Nanu is visiting us for three months. The last time she came here was seven years ago - back in my immature days. I remember being very rude to her - being annoyed when she asked me to do little things, hating the way she walks so slow, thinking that its pointless that she writes everything that happens in her diary. I never really appreciated her. We went to Bangladesh at the end of the next year. I still didn't like being around nanu very much. I preferred getting up to mischief with my cousins and talking to my choto mami about girly things. The next time I saw her was the next time we went to Bangladesh - when I was seventeen - and I still haven't quite grown up yet. I still got up to mischief, to a slightly greater degree than time before. I still didn't like hanging around nanu.
Then I finished school and started university. A lot of things changed. When I think about it, I realise how much Allah has blessed me all my life, and especially these last few years. I started to figure out who the important people in my life are, realised what my priorities should be and cleaned up my act a little. At the end of first year, I went to Bangladesh again. Since I had bad experiences for the past couple of times, I was a bit weary of going back. I knew that the adults didn't have a good impression of me, and at the same time, I knew that the things I got up to in the past no longer interested me. I felt like I had to wear a mask of happiness. When I told my sis about it, she said something really important to me - something that I still live by. She said that the happiness doesn't have to be a mask, I can make it real. I don't have to only seem like I am enjoying my stay, I can really try to enjoy it. Instead of thinking 'I just have to be patient these six weeks and then I can relax', I can really try to get to know the people, experience whatever I can and change my life a little.
Things started to seem very different to me. I didn't feel like getting up to much 'mischief'. (Although... my cousins and I did sneak out in the middle of the night and almost got kidnapped once.) I could see through a lot of people and their fake concern for my well-being. Amongst all of these self discoveries, B was getting married, so everyone in the family was pretty much in one place. That was the time that I really got to 'know' some of the adults in our family. Nanu told me about the different proposals that nanabhai got, and why he rejected all of them, and how he ended up married the 'dark-skinned' girl. She told me about her life before marriage and the things she studied. My mum's sisters and brothers told me about all the mischief they got up to when they were little - the times they got into trouble. There are some things that they still don't feel comfortable talking about in front of their mother, even though its been years and years! Some of them stopped caring of their ego and admitted their weaknesses. I really felt like I connected to them.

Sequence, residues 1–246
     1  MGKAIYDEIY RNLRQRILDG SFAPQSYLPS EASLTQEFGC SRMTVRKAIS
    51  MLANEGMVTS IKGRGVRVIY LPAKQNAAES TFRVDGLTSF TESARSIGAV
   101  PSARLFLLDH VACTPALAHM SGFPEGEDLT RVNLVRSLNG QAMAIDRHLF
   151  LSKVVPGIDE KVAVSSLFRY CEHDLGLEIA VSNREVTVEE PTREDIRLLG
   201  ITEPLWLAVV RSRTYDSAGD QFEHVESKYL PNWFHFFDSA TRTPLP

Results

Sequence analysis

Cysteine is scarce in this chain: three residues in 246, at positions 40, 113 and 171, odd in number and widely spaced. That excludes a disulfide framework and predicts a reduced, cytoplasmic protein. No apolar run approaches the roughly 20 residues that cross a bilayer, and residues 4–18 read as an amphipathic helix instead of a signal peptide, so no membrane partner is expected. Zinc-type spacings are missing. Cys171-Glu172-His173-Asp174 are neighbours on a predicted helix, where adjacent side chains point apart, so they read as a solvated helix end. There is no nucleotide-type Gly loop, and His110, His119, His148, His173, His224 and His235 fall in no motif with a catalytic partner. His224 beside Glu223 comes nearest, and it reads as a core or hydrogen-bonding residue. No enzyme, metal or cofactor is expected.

And at the same time, I yearned to come back because I hated everything else. I hardly had freedom because of the lack of security. At home, I can leave home any time I want, go anywhere I want and come back at night if need be. I remember walking back home around 10 pm once because of some transport issues, and my parents were still not overtly worried. But in Bangladesh, the furthest I went without a chaperone was to a shop in the street that we stayed at. They got worried if I went up on to the roof for too long! And then there is the issue of corruption. Everyone is lying everywhere! Kids are lying to their parents, parents are lying to their kids - trust is absent from the place where trust is the most important - a family. And everyone expects everyone else to be distrustful, so they live very suspicious lives. That was far more suffocating than the pollution.
Both of these factors led to one thing - my inability to create change. And there's only so long a person can watch things that need to be changed and stay quiet with the guilt. Eventually, you learn to shut everything out and turn into zombies like everyone else. Alhamdulillah - my current life makes me feel very lucky in that sense. I am doing things that has a direct positive effect on other people's lives, in the short term and in the long term. And a life lived in such a way is so much more fulfilling!
So the best combination is, having nanu over here. And that's what I have now! I have intellectual conversations with her, talk about the past, talk about things she worries about, learn from each other. The thing that I love about nanu is that she really listens - she doesn't just hear things - she takes words to heart. So speaking good words to her is definitely worth it. Now, I love the little things she tells me to do. I love her stories, I love the way she scolds me. I love the way her skin crinkles, I love the way she laughs (she laughs a little like me... I was told my laughter is like my other grandma, but I am finding similarities with this one too. When any one of us laugh, our entire body shakes). I love the way she speaks.
May Allah bless her forever.